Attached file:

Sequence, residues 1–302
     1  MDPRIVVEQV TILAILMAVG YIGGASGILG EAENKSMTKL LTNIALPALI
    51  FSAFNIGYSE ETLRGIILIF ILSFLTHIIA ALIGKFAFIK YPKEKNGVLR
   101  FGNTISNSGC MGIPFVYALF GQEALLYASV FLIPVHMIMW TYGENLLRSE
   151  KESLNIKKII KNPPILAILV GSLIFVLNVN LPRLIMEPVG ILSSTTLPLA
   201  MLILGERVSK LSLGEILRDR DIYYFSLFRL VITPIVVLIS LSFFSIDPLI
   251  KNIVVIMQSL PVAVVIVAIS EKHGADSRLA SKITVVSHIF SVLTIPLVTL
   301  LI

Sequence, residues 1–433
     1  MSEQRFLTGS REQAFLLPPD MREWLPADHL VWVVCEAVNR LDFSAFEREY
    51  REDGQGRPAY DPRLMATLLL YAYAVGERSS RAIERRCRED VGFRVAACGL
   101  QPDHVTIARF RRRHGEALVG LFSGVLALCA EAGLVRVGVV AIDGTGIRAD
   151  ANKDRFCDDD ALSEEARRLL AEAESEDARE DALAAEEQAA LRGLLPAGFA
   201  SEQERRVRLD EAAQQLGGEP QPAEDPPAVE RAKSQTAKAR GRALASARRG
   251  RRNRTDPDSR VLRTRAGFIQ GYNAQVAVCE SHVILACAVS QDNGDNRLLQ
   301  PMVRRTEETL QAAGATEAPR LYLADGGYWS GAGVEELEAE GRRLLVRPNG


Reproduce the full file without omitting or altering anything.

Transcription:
Sequence, residues 1–302
     1  MDPRIVVEQV TILAILMAVG YIGGASGILG EAENKSMTKL LTNIALPALI
    51  FSAFNIGYSE ETLRGIILIF ILSFLTHIIA ALIGKFAFIK YPKEKNGVLR
   101  FGNTISNSGC MGIPFVYALF GQEALLYASV FLIPVHMIMW TYGENLLRSE
   151  KESLNIKKII KNPPILAILV GSLIFVLNVN LPRLIMEPVG ILSSTTLPLA
   201  MLILGERVSK LSLGEILRDR DIYYFSLFRL VITPIVVLIS LSFFSIDPLI
   251  KNIVVIMQSL PVAVVIVAIS EKHGADSRLA SKITVVSHIF SVLTIPLVTL
   301  LI

Sequence, residues 1–433
     1  MSEQRFLTGS REQAFLLPPD MREWLPADHL VWVVCEAVNR LDFSAFEREY
    51  REDGQGRPAY DPRLMATLLL YAYAVGERSS RAIERRCRED VGFRVAACGL
   101  QPDHVTIARF RRRHGEALVG LFSGVLALCA EAGLVRVGVV AIDGTGIRAD
   151  ANKDRFCDDD ALSEEARRLL AEAESEDARE DALAAEEQAA LRGLLPAGFA
   201  SEQERRVRLD EAAQQLGGEP QPAEDPPAVE RAKSQTAKAR GRALASARRG
   251  RRNRTDPDSR VLRTRAGFIQ GYNAQVAVCE SHVILACAVS QDNGDNRLLQ
   301  PMVRRTEETL QAAGATEAPR LYLADGGYWS GAGVEELEAE GRRLLVRPNG